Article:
Studio: international art — 1.1893

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The Growth of Recent Art

Since early Italian ideals died, the world has learnt
many new ways of seeing things, and notably many
new arts of expressing our feelings about landscape
and the effect of figures in nature. When any style
of expressing things has become a mere decorative
formula it is deserted. First, those of vivid feelings
about reality abandon it; finally it stinks in the
nostrils of those whose sentiments are more purely
decorative. So Lionardo represents the man of
acute observation and realistic feeling, turning from
decayed conventions to study truths of illumination
and the new facts of anatomy.

The great decorative panel of Italy expired in a
trick of piled-up limbs, wagging beards, flaunting
drapery, and artificially balanced blocks of colour.
Its decorative principle became a cheap receipt,
and real art fled from the pompous inflation of
curly wiggery which ensued. Art reappeared in
three new strains, with Poussin and Claude/ and
the Franco-Italians; with Rubens, Bril, Rembrandt,
Hals, Terburg, Hobbema, Ruysdael, &c, in the
Low Countries, and with Velasquez and Ribera in
Spain. The taste of modern art can be detected in
these men, and, somewhat in the order in which I
quote them, they have operated directly upon the
aims of our century. To speak of England only,
how like Claude are Turner and Thomson; while
the Chateau de Stein of Rubens, still proclaims
its power of begetting descendants when we see
some of Constable's work or Cecil Lawson's Ag-
ister's Garden. Crome and Constable followed
Hobbema's embroidery of small foliage before they
reached the breadth of the "slate quarries," and
the two great South Kensington sketches. But on
the way from the seventeenth to the nineteenth
century there are many notable side-paths. Men
of individuality wandered from the main routes
following the same direction, but on tracks of their
own. They saw what their predecessors had seen,
but they saw it modified from their particular
standpoints. Hence came the solid yet graceful
truth of Watteau, a cross of Italy with the Low
Countries; that perpetually fruitful union, courted
by Jan Both no less than by Rubens, and after-
wards so prolific in Corot's marriage of Claude to
Constable; hence too the sportive dexterity of
Tiepolo's fluid suggestive touch ; hence Chardin's
classic simplicity; Wilson's rich juicy rendering of
Claude and Poussin, which sometimes hints at
future Romanticism ; and hence the peculiarities
of Hogarth, Canaletto, Ramsay, Reynolds, Gains-
borough, Goya, Raeburn, Lawrence, and others.
Nevertheless there are two main roads which we
can detect running through the maze of paths which

lead to the Phidian epoch of landscape and its-
allied art modern figure-painting. First, that of the
so-called classic formalists beginning in Claude
and Poussin, and ending in Turner and the school
of David—an impasse. Secondly, that of the
Realists, beginning with the Flemish and Dutch,
and culminating in Constable, Crome, Gros,
Gericault, Delacroix, Huet, and the early French-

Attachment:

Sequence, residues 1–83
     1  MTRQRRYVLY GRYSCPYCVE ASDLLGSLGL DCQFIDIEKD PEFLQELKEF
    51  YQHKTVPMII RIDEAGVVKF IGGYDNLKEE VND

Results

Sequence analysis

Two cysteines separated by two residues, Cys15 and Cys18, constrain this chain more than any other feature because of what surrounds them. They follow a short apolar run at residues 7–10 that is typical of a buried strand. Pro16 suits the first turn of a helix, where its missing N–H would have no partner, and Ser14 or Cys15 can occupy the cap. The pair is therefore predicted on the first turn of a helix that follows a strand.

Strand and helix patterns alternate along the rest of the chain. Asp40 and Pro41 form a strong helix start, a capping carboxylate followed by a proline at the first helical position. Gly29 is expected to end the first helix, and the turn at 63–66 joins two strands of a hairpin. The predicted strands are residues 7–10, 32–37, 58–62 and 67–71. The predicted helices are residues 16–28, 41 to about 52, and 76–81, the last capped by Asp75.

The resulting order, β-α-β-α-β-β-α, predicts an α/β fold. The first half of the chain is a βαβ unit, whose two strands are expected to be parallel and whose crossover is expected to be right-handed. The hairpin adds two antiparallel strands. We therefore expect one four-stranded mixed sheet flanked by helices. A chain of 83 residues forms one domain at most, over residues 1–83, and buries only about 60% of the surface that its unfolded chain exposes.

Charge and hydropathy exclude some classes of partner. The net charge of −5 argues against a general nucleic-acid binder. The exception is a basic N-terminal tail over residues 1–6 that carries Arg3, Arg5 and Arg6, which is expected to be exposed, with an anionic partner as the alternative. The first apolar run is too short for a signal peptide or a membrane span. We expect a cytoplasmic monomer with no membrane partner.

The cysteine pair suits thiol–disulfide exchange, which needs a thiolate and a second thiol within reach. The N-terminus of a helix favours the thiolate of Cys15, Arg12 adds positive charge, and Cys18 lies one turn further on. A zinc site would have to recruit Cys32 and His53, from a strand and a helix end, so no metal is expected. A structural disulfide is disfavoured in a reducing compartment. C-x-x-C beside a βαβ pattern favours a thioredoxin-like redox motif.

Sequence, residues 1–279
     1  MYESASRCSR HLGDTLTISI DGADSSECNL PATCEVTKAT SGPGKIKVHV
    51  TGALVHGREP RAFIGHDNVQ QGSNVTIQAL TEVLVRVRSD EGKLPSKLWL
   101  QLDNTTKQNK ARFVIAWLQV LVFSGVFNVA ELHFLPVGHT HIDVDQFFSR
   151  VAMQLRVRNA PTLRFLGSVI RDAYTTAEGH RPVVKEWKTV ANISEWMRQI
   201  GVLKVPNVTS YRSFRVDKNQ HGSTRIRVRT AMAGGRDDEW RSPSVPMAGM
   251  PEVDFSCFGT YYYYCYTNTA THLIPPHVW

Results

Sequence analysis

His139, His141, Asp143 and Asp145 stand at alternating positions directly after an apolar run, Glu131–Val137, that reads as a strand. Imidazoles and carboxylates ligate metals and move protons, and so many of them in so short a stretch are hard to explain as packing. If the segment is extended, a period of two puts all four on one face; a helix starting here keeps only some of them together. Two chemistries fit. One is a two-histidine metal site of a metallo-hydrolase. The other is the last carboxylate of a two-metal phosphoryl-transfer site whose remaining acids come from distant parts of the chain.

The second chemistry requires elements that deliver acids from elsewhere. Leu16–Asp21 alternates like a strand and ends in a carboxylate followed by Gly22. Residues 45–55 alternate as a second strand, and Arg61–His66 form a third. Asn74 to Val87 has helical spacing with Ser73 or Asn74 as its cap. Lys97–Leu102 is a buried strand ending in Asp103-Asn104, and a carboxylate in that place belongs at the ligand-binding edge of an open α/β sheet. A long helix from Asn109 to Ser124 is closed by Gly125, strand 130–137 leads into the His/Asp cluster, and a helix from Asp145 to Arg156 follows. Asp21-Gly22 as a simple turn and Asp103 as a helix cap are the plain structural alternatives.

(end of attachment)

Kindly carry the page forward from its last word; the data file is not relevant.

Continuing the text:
men. These joined most conspicuously in Corot
and became the high road of the future ■—
the road to impressionistic vision treated deco-

Let us cast a rapid eye over the aims of recent
art with a quotation from Delacroix's letters as-
guide. " Ce fameux Beau . . . . ils se sont tous
obstine a ne le voir que dans les lignes. Je suis a
ma fenetre, et je vois le plus beau paysage : Pidee

d'une ligne ne me vient pas a l'esprit.....lis

ne veulent voir proportion, harmonie qu'entre deux
lignes : le reste pour eux est chaos, et le compas-
seulement juge." To attain " le Beau " of natural
atmospheric tones and gradations was sought by
the new schools in preference to eternally playing
with arbitrary schemes of colour and design after
the fashion of the surviving classics. The courage
of realists has been shown much less in the choice
of new and natural subjects than in a new and
natural treatment of any subject. It is the manner
of seeing and painting it, not the name of the thing
painted, that gives the quality of grandeur or of
littleness and worry to a picture, and Courbet's
Stotie Breakers is more " classic" than David's
Horatii. Soon, in the course of progress, an
object was no longer expressed under all con-
ditions by that pencil-point contour which real
light disdains to preserve. Men learnt to use the:
modesty of nature and to dare to reveal things with
the mystery of a true chiaroscuro. It became
necessary to note the values of light on planes at
various angles and at different distances, and on a
variety of colours ; to observe the relative force with
which masses relieved against the general tone; to
complete the impression of a true aspect by regard-
ing colours as related to the prevailing note of the.
whole field of vision rather than to each other.
Then we have those researches into effects of focus,
and definition by which we suit nature to the con-
ditions of a framed composition, by which we
obtain an effective scale of relative importances in
colour, tone, air and detail, and so secure our
fleeting impressions of grandeur, size, space, and
mystery. Finally, handling became part of the
imagination, and was made to underline construc-
tion and express the sentiment of a broad view of
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